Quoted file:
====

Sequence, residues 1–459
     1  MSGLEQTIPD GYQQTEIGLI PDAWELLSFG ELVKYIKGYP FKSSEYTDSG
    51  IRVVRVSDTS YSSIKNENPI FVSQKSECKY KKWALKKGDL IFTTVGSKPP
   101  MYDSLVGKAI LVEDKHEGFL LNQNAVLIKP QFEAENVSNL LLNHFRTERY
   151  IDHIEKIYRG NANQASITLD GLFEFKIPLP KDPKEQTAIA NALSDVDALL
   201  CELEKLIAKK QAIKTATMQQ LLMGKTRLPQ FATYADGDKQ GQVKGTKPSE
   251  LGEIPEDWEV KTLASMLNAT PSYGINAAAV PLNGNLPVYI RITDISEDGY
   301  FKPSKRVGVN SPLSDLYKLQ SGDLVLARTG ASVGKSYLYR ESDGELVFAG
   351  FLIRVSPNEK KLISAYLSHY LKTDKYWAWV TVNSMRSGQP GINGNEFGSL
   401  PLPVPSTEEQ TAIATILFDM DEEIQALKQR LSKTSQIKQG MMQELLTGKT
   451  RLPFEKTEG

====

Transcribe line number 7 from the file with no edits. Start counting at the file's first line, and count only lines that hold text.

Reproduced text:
   251  LGEIPEDWEV KTLASMLNAT PSYGINAAAV PLNGNLPVYI RITDISEDGY